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Shutting Down Chillers to Create a Fast Building Demand Response Method 

Shutting Down Chillers to Create a Fast Building Demand Response Method 

From eSociety, January 2020

As the primary electricity consumers with great flexibility in changing their power demands, buildings play an important role in power demand responses on the grid. Fast and effective building demand response methods are needed. These methods can improve grid reliability and quality during emergency situations to avoid blackouts and grid collapses.

In a recent article from Science and Technology for the Built Environment, Chengchu Yan, Ph.D., with Nanjing Tech University, presents a fast building demand response method for urgent responses to smart grids. The article describes the principle, implementation actions and results of the proposed demand response in a virtual building.

1. What is the significance of this research?

Although many existing demand response (DR) measures are available for building air-conditioning systems, they cannot economically or effectively meet the urgent DR requests from grids in emergency situations due to their limitations of response speed and/or thermal comfort control. 

The proposed method can provide an immediate power reduction for urgent responses to smart grids by shutting down some operating chillers while it can also achieve a uniform indoor temperature by adjusting the indoor air temperature set-points stepwise according to an “incremental schedule.’’

2. Why is it important to explore this topic now?

Sufficient and stable power supply is of great importance for smooth operation of a power grid. The integration of increasing shares of renewable energies, particularly intermittent wind and solar energy generations, has brought great challenges on grid power balance and reliability.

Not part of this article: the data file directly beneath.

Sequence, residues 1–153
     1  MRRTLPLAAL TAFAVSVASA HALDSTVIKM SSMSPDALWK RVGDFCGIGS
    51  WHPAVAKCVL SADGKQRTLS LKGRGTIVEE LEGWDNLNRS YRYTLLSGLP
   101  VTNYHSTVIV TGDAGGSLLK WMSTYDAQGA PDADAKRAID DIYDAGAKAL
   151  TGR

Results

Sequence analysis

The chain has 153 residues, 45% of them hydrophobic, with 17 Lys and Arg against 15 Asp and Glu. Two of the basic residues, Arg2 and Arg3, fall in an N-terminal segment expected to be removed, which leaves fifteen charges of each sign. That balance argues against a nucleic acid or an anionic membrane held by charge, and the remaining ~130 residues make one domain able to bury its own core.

Buildings have a great potential for relieving the power imbalance and peak load of the grid. However, most building owners/operators do not value such potential appropriately, leading to billions of dollars in efficiency, energy and infrastructure savings left untapped. This article, aiming to unlock the true potential of buildings through demand response (DR), provides a promising solution to alleviate the peak demand and imbalance problem.

3. What lessons, facts and/or guidance can an engineer working in the field take away from this research?

An ideal building DR measure for urgent responses to grids should be able to achieve power reduction quickly and reduce the notices and complaints of building occupants as much as possible. It is difficult to achieve such desired effect when existing DR measures are separately used in centralized air-conditioning systems. 

This paper provides building operators/engineers a simple and effective method to approach an ideal DR by combining the demand-side-based and supply-side-based control measures simultaneously.

4. How can this research further the industry’s knowledge on this topic?

A coordinated control of the supply and demand side is important for avoiding control disorders of centralized air-conditioning systems when implementing direct load control DR measures in an existing feedback control system.

5. Were there any surprises or unforeseen challenges for you when preparing this research?

How to determine the amount of power reduction is critically important for any DR methods, which is a complicated task involving the accurate prediction of power consumption of the buildings under different circumstances and control strategies. In our research, how to maximize the number of running chillers to be shut down while minimizing the sacrifice level of thermal comfort is challenging.